Remind yourself that getting closer to death is akin to getting younger in life

Nobody wants to celebrate their birthday past age 25 — but why is that? Is it because we associate aging with death?

By contrast, I’ve always associated aging with life. When you get older, you start to shed a lot of the heaviness you carry in life. You shed the idea that what other people think of you really matters, you shed the idea that you need to accomplish some huge goal in order to live a meaningful life, you shed the idea that you need to look, talk or act a certain way to have importance. 

In short, getting older means getting more comfortable in your skin. And getting more comfortable in your skin means you’re ultimately carrying a lighter load, which can help you feel a lot younger… 

After all, when’s the last time you had a load as light as being a child? Think about that, and do yourself the favor of lightening your load a little. 

What do you think about death?

Death is many things, but mostly, it’s a way to look at life. A way to contextualize what we do and attribute importance to all of it. Or at least, that’s what it means to me.

What does it mean to you? Is it a subject you hate talking about? One you shield yourself from? Or one you engage with willingly? Let me know by getting in touch with me here, or by listening to my podcast episode on the subject of death (and don’t worry — I promise it’s not too heavy.)

Episode Transcript

[00:00:05] Kim Ades:Hello, hello. My name is Kim Ades, I am the President and Founder of Frame of Mind Coaching™ and the Co-founder of The Journal That Talks Back™. Today you have just joined Fridays with Ferne, where I invite my daughter Ferne to come onto the podcast and have a discussion! Ferne, welcome.

[00:00:23] Ferne Kotlyar:Thank you so much! Always a pleasure to be here.

[00:00:26] Kim Ades:So a really cool thing happened last week. And I just wanna share with everybody what that cool thing was it was your graduation and that was a fun experience. But the highlight for me was when you went up to an old professor of yours, that you hadn't seen in over two years 'cause of the pandemic, she gave you a massive hug and she said, "I love your podcast!"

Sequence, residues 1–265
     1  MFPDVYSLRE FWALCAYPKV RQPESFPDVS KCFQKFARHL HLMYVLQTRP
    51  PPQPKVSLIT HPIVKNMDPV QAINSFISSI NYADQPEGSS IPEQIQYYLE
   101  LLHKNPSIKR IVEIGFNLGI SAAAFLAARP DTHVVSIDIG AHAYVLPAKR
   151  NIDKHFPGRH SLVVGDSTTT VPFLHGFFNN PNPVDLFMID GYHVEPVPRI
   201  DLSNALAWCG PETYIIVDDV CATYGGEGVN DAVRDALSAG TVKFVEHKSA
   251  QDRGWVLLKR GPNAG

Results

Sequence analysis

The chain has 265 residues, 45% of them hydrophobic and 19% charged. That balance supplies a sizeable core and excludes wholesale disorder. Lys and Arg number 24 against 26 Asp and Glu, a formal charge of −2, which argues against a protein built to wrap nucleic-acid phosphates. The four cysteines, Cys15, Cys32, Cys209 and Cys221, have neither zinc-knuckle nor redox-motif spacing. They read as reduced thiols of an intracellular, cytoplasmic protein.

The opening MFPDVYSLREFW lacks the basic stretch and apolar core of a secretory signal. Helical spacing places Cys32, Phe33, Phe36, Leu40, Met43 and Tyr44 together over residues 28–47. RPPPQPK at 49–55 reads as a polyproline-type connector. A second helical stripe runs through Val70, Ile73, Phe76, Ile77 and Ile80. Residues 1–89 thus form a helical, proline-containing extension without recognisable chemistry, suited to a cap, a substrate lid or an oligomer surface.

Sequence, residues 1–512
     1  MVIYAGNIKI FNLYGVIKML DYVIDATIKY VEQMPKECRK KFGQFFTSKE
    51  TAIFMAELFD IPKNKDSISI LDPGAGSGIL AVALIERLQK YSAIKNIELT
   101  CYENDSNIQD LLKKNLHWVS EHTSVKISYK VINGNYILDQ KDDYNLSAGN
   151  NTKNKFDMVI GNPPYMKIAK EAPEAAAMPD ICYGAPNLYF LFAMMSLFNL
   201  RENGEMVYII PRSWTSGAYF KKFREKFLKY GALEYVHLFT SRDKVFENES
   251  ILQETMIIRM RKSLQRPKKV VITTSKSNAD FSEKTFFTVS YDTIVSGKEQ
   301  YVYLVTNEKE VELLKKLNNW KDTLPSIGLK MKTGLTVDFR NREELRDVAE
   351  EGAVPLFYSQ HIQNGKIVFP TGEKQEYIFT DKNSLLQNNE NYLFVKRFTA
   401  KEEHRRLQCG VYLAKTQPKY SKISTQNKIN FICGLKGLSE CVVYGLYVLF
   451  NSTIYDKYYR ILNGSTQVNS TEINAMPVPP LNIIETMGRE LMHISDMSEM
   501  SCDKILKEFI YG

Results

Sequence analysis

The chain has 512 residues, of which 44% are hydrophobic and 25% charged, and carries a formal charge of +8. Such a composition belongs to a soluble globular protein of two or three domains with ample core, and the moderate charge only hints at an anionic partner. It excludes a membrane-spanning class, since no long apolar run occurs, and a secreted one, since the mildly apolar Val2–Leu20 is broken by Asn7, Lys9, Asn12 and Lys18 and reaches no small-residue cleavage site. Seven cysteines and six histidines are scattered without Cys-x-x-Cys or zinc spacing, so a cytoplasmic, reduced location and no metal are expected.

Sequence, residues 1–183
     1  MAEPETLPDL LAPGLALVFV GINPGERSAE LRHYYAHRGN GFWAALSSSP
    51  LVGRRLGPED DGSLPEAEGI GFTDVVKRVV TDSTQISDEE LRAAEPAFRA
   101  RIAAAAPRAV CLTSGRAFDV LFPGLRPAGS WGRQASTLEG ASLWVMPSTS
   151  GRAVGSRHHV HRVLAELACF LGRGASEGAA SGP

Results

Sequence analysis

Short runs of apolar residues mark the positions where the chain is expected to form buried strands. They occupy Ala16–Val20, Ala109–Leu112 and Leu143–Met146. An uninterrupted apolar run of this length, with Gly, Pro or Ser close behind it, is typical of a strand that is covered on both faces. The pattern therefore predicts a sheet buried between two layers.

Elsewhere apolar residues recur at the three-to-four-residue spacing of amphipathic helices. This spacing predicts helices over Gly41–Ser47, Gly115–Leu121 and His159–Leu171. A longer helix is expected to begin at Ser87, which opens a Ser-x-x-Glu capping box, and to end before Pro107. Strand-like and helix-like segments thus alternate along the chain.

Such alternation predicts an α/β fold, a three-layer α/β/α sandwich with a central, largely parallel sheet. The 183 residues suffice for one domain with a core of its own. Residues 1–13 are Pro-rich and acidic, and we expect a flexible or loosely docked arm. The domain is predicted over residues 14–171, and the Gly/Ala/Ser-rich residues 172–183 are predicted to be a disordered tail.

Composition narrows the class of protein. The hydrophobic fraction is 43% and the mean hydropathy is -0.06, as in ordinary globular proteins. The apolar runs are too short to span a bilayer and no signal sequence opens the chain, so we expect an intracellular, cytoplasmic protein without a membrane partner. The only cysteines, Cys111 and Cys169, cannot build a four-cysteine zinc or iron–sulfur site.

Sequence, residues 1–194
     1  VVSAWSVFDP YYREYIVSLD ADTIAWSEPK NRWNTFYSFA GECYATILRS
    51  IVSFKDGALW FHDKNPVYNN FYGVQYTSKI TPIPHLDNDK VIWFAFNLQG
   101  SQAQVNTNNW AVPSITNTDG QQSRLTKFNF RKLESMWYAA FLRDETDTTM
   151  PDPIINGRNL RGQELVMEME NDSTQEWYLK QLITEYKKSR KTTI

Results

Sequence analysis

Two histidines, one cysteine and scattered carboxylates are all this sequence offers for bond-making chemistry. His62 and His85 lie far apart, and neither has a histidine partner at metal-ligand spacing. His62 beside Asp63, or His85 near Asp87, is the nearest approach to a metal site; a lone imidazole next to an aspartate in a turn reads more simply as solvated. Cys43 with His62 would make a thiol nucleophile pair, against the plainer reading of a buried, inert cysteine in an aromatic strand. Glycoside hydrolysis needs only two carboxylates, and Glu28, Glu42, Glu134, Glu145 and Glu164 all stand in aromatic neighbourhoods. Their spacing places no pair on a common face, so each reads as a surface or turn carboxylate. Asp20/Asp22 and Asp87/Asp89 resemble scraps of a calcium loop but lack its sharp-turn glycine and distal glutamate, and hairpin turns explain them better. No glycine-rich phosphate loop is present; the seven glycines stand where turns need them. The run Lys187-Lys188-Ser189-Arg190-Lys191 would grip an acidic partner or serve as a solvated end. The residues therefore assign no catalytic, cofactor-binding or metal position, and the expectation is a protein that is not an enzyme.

[00:00:56] Ferne Kotlyar:[Chuckles] That was a big highlight for me too.

[00:00:58] Kim Ades:That was definitely a highlight. And she even said hi to me as though she knew who we were. So, what's her name? Mrs– Professor? Professor Cherestes?

[00:01:08] Ferne Kotlyar:Doctor, yeah.

[00:01:09] Kim Ades:Doctor! Sorry, Doctor Cherestes, if you are listening, we are so grateful for having you tune in, keep listening. All right, Ferne, what are we discussing today?

[00:01:23] Ferne Kotlyar:All right, so today the topic is a bit more somber. We have been to a few funerals lately, unfortunately, and every time we go to a funeral, you have this little comment, and you mention how at your funeral, you would want things to be different.At your funeral, there has to be a lot of food and there has to be music and everybody has to look good, but wear comfortable shoes because...

[00:01:57] Kim Ades:[Laughs]

[00:01:58] Ferne're gonna be standing or sitting, but you have to be comfortable, and there has to be music and it's going to be a celebration of life. And that's very different, I think, than most funerals, at least the ones I've been to. And so, I'd like you to tell me a little bit more about your vision of death and how you see kind of, I don't know, the next world, I don't know how people perceive it, but, you know, the ending of this one.